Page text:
Nothing is more precious to an artist than their artwork and art supplies. That’s why they can oftentimes dread a big move, as the simple act of getting all of this from point A to point B can be a bit dangerous. If you want to make sure you make the move without damage to your life’s work, here are some moving mistakes you should avoid.
1) You use the wrong packing materials/strategies
If you’ve been told that newspaper/packing peanuts is the perfect combo for packing your art, you’ve been led astray. You want to avoid any packing material that can cause damage to the art itself, and newspaper ink and degrading packing peanuts can do just that (peanuts can also “melt and turn glue-like” in heat).
Bubble wrap (with the bubbles facing out) is your best bet, and plain packing paper and corner protectors can also be of use. You should never pack unframed paintings or photos in boxes that are much larger than the artwork; everything should fit relatively snugly. You should also know that the best way to pack loose artwork is to roll it up and put it in a cardboard tube.
2) You lay your artwork flat when moving
It may seem natural to lay packed artwork flat when moving, but it’s actually the wrong way to go about it. Resting artwork – especially framed pieces – on their edges is the best way to move them as long as they are properly secured.
“When you load artwork onto the moving truck, pictures should be places standing up instead of lying flat, as this reduces the risk that they’ll be damaged. Framed pictures are safest wedged between two mattresses, couches, or other upholstered furniture, but you can also place them between heavy, secured furniture that won’t shift in transit,” says iMove.com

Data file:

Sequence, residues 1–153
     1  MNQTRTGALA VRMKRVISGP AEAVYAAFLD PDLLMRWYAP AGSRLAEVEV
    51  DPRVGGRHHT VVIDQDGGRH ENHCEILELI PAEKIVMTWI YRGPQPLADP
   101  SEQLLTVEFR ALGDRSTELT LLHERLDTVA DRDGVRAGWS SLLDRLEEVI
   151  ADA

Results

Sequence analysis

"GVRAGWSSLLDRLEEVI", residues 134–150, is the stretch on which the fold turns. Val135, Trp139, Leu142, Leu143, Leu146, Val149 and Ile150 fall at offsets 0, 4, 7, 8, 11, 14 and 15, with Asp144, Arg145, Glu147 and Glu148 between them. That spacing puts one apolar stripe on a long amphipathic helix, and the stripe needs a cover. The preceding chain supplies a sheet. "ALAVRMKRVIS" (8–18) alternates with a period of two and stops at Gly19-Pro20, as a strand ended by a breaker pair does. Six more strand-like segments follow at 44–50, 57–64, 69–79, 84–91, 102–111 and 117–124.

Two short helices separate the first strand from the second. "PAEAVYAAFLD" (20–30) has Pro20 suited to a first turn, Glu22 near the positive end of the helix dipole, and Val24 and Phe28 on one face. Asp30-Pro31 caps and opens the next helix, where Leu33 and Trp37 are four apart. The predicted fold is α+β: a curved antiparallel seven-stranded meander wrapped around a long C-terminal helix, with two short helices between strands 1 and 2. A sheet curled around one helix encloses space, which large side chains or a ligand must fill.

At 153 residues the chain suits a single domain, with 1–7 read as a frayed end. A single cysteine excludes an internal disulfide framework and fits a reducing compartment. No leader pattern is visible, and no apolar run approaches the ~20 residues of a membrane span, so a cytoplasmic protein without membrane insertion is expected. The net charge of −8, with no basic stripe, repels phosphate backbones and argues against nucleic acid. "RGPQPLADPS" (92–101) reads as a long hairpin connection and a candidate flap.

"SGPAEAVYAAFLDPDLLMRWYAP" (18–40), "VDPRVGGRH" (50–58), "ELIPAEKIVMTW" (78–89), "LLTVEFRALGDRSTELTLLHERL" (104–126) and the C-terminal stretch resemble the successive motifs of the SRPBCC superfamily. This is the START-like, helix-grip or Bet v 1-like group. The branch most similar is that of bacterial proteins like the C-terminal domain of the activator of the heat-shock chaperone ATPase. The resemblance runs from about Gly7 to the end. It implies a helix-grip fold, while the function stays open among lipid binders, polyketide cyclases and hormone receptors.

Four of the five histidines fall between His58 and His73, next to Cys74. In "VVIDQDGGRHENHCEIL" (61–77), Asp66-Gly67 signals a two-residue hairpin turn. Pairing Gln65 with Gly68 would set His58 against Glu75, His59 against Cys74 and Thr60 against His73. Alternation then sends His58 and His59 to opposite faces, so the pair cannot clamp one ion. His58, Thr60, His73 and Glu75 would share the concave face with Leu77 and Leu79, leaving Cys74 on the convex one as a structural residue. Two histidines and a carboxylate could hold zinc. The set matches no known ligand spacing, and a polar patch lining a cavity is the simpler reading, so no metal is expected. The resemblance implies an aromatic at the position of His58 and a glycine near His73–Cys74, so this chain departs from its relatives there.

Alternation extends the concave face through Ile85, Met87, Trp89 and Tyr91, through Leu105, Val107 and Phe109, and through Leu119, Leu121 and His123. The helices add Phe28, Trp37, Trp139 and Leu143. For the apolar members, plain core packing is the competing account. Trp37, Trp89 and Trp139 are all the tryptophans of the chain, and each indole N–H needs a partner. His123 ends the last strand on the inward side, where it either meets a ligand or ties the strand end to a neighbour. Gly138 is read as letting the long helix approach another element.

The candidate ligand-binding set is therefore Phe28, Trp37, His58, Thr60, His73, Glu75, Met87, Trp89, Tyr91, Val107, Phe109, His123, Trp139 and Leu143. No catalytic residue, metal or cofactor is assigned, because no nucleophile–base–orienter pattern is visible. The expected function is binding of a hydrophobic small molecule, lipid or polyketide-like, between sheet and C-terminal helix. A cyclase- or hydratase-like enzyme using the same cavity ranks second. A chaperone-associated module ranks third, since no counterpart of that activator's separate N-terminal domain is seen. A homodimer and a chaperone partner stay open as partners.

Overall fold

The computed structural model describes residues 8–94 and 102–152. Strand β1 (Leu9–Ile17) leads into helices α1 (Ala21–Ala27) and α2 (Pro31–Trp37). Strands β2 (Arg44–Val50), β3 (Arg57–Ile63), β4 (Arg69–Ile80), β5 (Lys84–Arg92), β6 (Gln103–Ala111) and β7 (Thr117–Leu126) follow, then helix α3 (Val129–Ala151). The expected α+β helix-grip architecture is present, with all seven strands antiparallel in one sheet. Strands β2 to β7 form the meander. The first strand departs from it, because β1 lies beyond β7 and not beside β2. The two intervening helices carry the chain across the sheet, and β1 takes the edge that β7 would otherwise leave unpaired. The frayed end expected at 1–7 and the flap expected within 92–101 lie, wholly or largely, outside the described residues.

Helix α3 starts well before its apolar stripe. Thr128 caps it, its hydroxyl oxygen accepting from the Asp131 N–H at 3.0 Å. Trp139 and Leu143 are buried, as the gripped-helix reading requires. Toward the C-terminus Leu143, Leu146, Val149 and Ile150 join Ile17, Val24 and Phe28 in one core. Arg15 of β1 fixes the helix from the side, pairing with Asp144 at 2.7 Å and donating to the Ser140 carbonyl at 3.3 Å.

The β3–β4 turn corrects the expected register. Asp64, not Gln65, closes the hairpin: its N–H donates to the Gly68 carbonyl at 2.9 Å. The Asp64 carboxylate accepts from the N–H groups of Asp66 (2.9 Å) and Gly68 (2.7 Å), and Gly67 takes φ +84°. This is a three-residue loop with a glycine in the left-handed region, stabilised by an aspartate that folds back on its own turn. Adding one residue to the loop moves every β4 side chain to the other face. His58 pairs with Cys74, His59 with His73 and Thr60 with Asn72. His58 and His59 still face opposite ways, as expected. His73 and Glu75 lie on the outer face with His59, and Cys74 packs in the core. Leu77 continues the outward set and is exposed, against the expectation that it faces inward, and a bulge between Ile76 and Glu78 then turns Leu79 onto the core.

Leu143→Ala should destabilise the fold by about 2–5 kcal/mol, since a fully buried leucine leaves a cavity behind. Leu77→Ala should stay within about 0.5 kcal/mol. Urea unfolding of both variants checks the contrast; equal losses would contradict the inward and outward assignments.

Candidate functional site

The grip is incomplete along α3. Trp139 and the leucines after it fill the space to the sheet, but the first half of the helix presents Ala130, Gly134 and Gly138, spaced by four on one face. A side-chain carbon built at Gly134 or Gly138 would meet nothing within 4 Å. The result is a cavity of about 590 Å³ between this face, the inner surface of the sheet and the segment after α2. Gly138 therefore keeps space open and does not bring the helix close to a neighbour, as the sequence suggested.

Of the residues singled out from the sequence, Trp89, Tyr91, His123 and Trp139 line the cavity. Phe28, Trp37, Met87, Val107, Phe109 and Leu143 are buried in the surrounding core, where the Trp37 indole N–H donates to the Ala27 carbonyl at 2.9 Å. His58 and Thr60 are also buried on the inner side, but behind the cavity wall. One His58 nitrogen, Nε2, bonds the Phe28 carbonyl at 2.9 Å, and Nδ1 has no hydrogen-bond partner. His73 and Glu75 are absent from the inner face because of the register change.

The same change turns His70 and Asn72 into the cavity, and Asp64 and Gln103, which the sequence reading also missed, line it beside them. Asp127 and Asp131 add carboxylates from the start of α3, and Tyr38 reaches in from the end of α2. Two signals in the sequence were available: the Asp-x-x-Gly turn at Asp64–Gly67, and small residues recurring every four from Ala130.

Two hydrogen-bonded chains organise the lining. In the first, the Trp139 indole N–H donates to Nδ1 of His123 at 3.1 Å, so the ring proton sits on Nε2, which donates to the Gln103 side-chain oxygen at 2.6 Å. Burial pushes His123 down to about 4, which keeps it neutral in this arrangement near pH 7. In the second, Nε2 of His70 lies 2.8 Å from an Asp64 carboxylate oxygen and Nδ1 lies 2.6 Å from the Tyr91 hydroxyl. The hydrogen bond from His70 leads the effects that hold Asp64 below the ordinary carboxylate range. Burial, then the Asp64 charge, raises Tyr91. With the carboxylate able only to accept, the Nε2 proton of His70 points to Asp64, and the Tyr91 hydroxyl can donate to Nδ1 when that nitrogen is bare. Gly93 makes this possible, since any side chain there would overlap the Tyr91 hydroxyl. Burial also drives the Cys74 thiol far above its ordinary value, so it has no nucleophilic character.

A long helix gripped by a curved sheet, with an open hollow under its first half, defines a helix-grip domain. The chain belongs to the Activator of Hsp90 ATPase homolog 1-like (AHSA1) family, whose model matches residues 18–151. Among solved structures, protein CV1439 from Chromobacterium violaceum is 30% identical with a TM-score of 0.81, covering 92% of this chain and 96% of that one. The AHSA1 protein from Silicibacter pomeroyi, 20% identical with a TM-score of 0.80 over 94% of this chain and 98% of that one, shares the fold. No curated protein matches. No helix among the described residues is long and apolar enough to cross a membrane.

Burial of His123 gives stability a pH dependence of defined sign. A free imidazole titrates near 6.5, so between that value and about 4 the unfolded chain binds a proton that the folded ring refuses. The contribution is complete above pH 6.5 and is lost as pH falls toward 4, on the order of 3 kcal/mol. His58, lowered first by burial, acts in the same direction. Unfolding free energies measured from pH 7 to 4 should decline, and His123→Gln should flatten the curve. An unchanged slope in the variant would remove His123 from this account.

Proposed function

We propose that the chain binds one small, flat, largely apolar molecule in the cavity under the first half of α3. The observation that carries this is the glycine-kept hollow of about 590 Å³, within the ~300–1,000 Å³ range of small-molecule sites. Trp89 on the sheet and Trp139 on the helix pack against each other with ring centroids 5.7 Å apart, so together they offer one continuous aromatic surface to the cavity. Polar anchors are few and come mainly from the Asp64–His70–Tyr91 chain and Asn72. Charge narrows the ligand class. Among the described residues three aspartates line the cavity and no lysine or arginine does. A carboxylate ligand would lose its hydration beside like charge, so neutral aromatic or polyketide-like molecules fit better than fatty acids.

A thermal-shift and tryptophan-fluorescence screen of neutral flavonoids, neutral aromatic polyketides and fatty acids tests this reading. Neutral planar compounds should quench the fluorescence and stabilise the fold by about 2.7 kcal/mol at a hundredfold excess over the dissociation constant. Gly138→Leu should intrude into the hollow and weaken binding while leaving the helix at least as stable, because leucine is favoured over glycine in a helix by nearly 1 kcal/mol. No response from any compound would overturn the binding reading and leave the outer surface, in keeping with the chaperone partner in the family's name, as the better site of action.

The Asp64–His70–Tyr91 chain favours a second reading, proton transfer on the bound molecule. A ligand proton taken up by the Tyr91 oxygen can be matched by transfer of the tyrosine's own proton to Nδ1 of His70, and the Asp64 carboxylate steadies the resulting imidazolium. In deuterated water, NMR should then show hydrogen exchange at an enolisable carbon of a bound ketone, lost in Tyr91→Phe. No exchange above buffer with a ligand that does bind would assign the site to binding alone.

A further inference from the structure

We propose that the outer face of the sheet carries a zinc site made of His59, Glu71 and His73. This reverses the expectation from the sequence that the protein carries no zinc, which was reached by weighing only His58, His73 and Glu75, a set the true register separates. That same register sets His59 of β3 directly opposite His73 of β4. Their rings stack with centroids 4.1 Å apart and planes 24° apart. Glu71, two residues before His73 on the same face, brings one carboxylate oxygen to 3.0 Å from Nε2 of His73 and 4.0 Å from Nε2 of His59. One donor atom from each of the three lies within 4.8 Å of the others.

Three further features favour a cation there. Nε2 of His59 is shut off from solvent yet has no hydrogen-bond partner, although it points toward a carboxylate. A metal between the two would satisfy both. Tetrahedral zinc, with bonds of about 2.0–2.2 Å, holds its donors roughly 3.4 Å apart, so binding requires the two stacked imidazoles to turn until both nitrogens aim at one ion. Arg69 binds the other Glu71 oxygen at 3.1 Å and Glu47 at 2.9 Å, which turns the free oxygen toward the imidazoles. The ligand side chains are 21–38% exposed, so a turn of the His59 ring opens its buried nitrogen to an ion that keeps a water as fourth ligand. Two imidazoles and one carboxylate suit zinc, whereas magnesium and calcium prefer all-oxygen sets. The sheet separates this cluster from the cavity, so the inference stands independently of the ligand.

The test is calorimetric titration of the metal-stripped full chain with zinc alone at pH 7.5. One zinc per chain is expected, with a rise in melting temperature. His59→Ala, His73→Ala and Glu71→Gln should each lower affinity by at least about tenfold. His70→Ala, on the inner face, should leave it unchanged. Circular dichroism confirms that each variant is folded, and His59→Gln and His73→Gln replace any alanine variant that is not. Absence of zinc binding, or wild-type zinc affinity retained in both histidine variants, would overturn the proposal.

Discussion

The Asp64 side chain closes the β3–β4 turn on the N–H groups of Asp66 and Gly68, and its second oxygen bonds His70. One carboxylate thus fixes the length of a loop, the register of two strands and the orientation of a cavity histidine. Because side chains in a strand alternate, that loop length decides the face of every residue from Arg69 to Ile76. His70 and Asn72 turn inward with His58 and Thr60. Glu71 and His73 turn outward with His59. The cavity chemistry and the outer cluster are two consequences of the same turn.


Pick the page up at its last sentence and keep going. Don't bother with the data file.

3) You think your moving company’s liability insurance is enough
The more valuable your items, the more you should consider mover’s insurance. Though your moving company may say they have insurance, it is rarely ever adequate – especially for an artist.
“In case of an accident, moving companies do have federally or state mandated liability. But that liability coverage can be far inferior to the value of your goods. Instead, consider a special policy – one that isn’t through the moving company,” says MadisonArtery.com. Your homeowner’s insurance may cover some of your prized possessions, but you’ll need to make sure. Getting a check in the event some of your artwork is damaged cannot completely heal your injury, but it can help (especially if what was damaged was supplies).
4) You don’t vet your movers enough
Whether you hire movers will depend on many factors, including the amount you have to move, the distance of the move, and your access to funds to support the move itself (don’t know what option is best for you? Read more on moving options here). If you opt to hire movers, it’s important that you ask any potential movers specific, pointed questions. Don’t just ask about their general experience and practices, ask about their experience and practices moving artwork and supplies. If you do enough research, you can find movers and regular moving companies that are experienced in this regard, and you won’t have to hire specialty art movers on top of your regular movers.
Artists don’t live the same style of life as others, and they shouldn’t think about moving in the same way either. While a damaged couch or end table can be replaced, it’s impossible to replace a one-of-a-kind piece of art. That’s why it’s vital you take every single precaution you can when moving, as it’s your livelihood that’s being packed up and shipped.
Photo Credits: Pixabay.com
Ms. Lyons created DIYDarlin to share her DIY knowledge and serve as a forum to learn from other DIYers.